Increasing access to oil and natural gas reserves in the United States both onshore and offshore, would help offset rising demand, increase jobs and revenue, and provide the real economic boost our country needs rather than more the same tried-and-failed government spending programs.

– Nicolas Loris

Dan Mitchell tells why this deal may develop into more taxes

President Obama’s balanced approach means he wants more money from you. In the article, “Deconstructing the Revenue Side of the Debt-Ceiling Deal: Yes, There’s a Real Threat of Higher Taxes,”  Daniel J. Mitchell tells us what may happen in the next few months concerning taxes because of this new deal:

Politicians last night announced the framework of a deal to increase the debt limit. In addition to authorizing about $900 billion more red ink right away, it would require immediate budget cuts of more than $900 billion, though “immediate” means over 10 years and “budget cuts” means spending still goes up (but not as fast as previously planned).

But that’s the relatively uncontroversial part. The fighting we’re seeing today revolves around a “super-committee” that’s been created to find $1.5 trillion of additional “deficit reduction” over the next 10 years (based on Washington math, of course).

And much of the squabbling deals with whether the super-committee is a vehicle for higher taxes. As with all kiss-your-sister budget deals, both sides can point to something they like.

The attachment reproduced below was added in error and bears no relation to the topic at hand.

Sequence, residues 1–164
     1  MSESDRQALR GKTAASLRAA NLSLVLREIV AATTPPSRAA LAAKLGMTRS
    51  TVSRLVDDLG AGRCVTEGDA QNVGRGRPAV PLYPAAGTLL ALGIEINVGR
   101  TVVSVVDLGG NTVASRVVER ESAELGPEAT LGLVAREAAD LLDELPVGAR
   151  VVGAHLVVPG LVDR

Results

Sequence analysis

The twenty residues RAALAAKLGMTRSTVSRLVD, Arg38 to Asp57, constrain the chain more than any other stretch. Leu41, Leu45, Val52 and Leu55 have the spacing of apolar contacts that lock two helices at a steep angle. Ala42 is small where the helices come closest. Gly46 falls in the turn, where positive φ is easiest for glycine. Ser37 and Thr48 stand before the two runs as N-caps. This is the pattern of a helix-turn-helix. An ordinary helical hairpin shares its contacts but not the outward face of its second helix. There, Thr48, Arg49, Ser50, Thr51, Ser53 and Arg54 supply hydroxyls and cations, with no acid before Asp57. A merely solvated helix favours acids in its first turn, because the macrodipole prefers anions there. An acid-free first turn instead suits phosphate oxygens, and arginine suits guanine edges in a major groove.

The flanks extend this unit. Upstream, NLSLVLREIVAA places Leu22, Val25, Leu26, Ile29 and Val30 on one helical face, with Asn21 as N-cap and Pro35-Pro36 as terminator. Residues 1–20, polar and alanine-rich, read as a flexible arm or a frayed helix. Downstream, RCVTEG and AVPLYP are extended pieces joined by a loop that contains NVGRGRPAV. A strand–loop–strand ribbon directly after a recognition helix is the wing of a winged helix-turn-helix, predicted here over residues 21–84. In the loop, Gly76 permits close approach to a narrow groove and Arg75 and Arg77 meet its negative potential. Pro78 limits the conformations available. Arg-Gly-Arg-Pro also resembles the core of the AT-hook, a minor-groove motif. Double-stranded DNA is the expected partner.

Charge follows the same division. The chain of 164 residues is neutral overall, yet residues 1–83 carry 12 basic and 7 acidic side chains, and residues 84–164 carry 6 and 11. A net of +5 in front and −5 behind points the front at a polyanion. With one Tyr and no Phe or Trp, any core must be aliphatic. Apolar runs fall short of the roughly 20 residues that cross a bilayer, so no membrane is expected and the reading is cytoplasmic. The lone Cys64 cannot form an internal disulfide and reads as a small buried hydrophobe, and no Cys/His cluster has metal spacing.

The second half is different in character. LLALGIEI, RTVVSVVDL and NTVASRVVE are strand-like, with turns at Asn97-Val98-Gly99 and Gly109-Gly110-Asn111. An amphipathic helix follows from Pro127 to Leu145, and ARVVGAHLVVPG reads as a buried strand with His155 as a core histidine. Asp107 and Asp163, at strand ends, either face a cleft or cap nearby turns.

Here’s what Republicans like:

The super-committee must use the “current law” baseline, which assumes that the 2001 and 2003 tax cuts expire at the end of 2012. But why are GOPers happy about this, considering they want those tax cuts extended? For the simple reason that Democrats on the super-committee therefore can’t use repeal of the “Bush tax cuts for the rich” as a revenue raiser.

Here’s what Democrats like:

There appears to be nothing in the agreement to preclude the super-committee from meeting its $1.5 trillion target with tax revenue. The 2001 and 2003 tax legislation is not an option, but everything else is on the table (notwithstanding GOP claims that it is “impossible for Joint Committee to increase taxes”).

In other words, there is a risk of tax hikes, just as I warned last week. Indeed, the five-step scenario I outlined last week needs to be modified because now a tax-hike deal would be “vital” to not only “protect” the nation from alleged default, but also to forestall the “brutal” sequester that might take place in the absence of an agreement.

But you don’t have to believe me. Just read the fact sheet distributed by the White House, which is filled with class warfare rhetoric about “shared sacrifice.”

This doesn’t mean there will be tax increases, of course, and this doesn’t mean Boehner and McConnell gave up more than Obama, Reid and Pelosi.

But as someone who assumes politicians will do the wrong thing whenever possible, it’s always good to identify the worst-case scenario and then prepare to explain why it’s not a good idea.